About 5 years ago, when I thought I'd figured it all out in the realm of owning a healing practice, a client who I adore to this day said to me:
You are not an empathetic person!
I had no idea how to respond to her, I really thought I was doing a great job of being there for her, supporting her, loving her, offering an opportunity for healing and expansion. With a little bit of thought I responded that I was offering my absolute best for every session and really wanting to help people move toward comprehensive healing.
But I felt some defensiveness boiling inside of me and I also felt some guilt.
I found myself in contrast, in order to be a great healer do I have to feel and experience what my clients are feeling in order to truly help them? Or is it okay that I hear them and feel for them but don't share their experience? I had experienced and worked with my own hurt, pain and trauma.
When I really thought about it, I didn't want to feel their pain, I didn't want to experience the trauma they had.
I resolved myself to being okay with this part of me. I'm not an empath. Cool. Moving on. I would see an article every now and again about empaths. And that same little stream of guilt would flood in. I started to think, I have to find a way to be a little more gentle with myself and with others. And I did, but I couldn't quite put the words to what was happening.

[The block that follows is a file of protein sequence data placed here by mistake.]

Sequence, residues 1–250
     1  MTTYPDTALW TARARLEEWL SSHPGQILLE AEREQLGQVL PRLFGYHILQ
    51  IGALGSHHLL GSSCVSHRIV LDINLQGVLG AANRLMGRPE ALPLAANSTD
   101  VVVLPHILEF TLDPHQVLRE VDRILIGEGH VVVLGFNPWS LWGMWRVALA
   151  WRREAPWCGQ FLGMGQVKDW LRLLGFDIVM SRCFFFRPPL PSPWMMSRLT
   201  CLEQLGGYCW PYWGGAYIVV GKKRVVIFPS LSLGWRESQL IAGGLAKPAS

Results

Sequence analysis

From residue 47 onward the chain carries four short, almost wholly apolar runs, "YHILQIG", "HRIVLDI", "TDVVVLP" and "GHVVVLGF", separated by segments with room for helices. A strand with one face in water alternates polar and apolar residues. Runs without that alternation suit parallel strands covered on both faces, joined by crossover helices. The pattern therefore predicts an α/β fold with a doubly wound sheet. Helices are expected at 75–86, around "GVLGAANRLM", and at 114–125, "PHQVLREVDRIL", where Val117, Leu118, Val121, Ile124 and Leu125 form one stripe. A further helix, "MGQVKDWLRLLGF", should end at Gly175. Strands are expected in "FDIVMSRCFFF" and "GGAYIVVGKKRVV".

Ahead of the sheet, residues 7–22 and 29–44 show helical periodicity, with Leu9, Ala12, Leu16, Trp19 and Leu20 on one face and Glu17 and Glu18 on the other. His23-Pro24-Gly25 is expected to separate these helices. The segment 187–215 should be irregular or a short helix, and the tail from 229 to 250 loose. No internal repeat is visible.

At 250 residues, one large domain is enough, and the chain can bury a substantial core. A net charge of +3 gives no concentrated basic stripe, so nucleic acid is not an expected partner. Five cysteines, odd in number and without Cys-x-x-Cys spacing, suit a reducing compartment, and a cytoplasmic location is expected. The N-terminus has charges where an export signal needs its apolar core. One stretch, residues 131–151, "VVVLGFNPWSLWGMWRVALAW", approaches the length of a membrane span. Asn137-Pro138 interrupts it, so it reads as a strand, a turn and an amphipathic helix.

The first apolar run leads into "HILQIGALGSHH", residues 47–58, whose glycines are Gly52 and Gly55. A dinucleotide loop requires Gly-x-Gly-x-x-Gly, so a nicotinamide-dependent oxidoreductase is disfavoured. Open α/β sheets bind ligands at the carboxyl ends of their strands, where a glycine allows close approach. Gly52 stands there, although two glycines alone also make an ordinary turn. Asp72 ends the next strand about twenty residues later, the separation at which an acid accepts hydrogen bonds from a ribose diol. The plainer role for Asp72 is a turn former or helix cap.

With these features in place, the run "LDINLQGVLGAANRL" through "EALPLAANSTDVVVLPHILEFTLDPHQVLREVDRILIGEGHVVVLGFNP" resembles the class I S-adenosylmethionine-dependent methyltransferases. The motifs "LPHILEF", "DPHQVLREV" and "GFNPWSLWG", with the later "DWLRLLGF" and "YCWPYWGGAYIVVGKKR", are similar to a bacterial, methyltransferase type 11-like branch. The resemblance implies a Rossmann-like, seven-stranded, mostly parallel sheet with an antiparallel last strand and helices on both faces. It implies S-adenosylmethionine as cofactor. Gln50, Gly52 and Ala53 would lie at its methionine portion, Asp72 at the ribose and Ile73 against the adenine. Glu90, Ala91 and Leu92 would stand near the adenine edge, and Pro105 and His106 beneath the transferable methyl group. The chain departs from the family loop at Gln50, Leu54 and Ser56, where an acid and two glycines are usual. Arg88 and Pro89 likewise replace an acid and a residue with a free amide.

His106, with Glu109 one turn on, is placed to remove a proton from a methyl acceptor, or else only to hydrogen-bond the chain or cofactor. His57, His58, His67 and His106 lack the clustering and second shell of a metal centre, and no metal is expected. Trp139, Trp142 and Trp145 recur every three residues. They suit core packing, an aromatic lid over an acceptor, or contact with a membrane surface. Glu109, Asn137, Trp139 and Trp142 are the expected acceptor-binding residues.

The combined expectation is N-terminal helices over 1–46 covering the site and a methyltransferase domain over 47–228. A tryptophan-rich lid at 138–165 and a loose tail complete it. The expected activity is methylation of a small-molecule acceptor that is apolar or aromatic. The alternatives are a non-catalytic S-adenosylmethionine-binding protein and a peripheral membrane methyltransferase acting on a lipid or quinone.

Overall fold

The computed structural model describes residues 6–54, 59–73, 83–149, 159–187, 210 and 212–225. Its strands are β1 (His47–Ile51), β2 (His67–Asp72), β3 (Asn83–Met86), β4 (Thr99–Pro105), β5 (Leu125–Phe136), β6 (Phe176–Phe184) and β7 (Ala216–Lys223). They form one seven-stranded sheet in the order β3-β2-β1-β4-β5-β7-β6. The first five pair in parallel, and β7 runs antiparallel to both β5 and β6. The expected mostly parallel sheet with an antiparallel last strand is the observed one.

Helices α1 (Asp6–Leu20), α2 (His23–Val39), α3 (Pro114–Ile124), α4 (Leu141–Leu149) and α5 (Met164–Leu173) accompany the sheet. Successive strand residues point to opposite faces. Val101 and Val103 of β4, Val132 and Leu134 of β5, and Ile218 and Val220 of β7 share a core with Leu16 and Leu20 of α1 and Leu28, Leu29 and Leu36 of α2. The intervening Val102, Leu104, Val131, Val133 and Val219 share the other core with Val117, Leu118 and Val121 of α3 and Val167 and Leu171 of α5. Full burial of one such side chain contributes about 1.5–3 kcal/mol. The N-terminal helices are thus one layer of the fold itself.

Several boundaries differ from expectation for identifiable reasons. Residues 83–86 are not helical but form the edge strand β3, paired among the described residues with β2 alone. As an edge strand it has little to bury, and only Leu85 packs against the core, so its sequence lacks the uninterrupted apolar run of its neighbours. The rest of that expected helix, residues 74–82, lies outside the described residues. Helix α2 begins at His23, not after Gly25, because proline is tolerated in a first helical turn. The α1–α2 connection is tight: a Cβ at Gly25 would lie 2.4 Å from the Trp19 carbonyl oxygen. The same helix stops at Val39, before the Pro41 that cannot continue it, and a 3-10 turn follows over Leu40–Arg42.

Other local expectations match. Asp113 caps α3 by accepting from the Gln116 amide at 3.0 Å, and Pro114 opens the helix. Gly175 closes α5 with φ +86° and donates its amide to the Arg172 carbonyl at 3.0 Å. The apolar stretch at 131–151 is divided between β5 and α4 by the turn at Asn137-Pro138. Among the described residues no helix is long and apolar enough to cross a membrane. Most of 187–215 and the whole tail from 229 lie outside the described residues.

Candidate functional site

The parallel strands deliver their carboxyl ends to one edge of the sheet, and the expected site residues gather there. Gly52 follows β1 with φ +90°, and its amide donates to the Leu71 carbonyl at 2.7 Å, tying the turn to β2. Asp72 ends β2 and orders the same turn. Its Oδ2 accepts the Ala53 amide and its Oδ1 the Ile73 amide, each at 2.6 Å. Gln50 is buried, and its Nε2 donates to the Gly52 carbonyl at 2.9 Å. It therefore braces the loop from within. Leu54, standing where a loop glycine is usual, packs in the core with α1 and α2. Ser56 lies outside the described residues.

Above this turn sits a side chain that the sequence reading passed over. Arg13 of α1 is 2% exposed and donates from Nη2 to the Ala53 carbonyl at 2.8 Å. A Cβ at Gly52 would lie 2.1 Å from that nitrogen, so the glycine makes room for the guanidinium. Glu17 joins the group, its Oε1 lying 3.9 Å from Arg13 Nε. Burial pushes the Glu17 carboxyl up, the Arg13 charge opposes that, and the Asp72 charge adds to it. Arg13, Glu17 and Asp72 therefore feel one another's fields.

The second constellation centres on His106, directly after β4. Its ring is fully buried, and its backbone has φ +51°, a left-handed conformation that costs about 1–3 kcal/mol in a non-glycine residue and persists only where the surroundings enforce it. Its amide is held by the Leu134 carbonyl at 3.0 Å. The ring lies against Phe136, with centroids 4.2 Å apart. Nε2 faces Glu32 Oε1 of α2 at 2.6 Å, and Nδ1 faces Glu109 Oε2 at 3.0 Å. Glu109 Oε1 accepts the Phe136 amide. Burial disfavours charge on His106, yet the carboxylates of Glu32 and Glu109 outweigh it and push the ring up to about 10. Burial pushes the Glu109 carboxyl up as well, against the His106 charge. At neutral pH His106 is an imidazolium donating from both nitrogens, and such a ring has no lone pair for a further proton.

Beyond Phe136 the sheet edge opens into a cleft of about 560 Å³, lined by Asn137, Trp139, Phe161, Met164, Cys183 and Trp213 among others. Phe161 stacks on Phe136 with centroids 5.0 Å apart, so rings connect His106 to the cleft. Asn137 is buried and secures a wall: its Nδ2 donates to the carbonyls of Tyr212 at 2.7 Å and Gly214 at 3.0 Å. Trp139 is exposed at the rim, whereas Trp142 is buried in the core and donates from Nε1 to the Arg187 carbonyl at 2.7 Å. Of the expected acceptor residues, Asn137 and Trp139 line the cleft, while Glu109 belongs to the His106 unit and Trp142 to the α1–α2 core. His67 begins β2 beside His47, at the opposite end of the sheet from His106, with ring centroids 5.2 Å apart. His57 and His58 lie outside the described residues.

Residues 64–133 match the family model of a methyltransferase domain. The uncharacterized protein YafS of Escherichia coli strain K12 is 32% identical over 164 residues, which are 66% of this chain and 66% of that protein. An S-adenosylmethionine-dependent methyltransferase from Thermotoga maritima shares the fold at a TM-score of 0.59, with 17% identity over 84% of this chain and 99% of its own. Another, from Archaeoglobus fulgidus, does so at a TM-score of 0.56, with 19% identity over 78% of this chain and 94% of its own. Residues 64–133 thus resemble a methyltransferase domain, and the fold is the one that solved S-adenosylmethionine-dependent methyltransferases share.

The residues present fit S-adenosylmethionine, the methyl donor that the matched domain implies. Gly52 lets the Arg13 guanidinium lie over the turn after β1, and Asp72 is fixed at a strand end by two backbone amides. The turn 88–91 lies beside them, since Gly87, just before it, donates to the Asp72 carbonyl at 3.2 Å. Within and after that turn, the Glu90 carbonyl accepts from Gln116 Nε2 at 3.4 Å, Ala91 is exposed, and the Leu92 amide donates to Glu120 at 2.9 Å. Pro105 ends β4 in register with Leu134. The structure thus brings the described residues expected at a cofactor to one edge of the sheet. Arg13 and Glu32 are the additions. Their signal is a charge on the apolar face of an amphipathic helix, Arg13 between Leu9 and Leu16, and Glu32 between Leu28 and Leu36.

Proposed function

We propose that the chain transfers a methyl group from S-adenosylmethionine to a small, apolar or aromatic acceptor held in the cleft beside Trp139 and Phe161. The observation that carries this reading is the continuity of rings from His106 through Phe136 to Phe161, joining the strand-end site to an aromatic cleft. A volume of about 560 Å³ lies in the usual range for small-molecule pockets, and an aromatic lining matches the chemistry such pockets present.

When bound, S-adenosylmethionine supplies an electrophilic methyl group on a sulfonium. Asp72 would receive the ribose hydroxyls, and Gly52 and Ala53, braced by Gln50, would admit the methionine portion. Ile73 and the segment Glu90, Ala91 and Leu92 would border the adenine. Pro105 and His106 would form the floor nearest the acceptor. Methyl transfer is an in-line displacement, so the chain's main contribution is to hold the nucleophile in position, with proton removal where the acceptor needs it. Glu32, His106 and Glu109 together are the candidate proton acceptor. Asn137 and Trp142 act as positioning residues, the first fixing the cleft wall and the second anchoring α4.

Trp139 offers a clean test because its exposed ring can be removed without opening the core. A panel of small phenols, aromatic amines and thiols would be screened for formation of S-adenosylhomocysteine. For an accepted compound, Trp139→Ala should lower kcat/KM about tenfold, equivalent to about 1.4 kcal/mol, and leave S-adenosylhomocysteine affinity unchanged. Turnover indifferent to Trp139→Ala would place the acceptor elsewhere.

Years later, I am reminded of this conversation as I listen to a podcast where the host is talking about a profound difference between being empathetic and compassionate and that that difference was that with empathy comes a choice to share the emotion of the experience someone else is sharing. But with compassion, one remains present and is supportive but does not take on the experience.
The contrast I felt within myself was not that I wasn't empathetic, but that I wasn't allowing myself to be compassionate. I wasn't trusting my inner guidance in saying its okay to feel for someone, but it's also okay NOT to feel what they're feeling.
Being able to differentiate these two emotions was key for me.
It allowed me to maintain my truth, which is that I can only be offering the best to others when I am at my best and being at my best means not being an empath, but it does mean offering authentic compassion.
This is an emotional choice that feels healthy to me and feels light.
I want to offer you this question: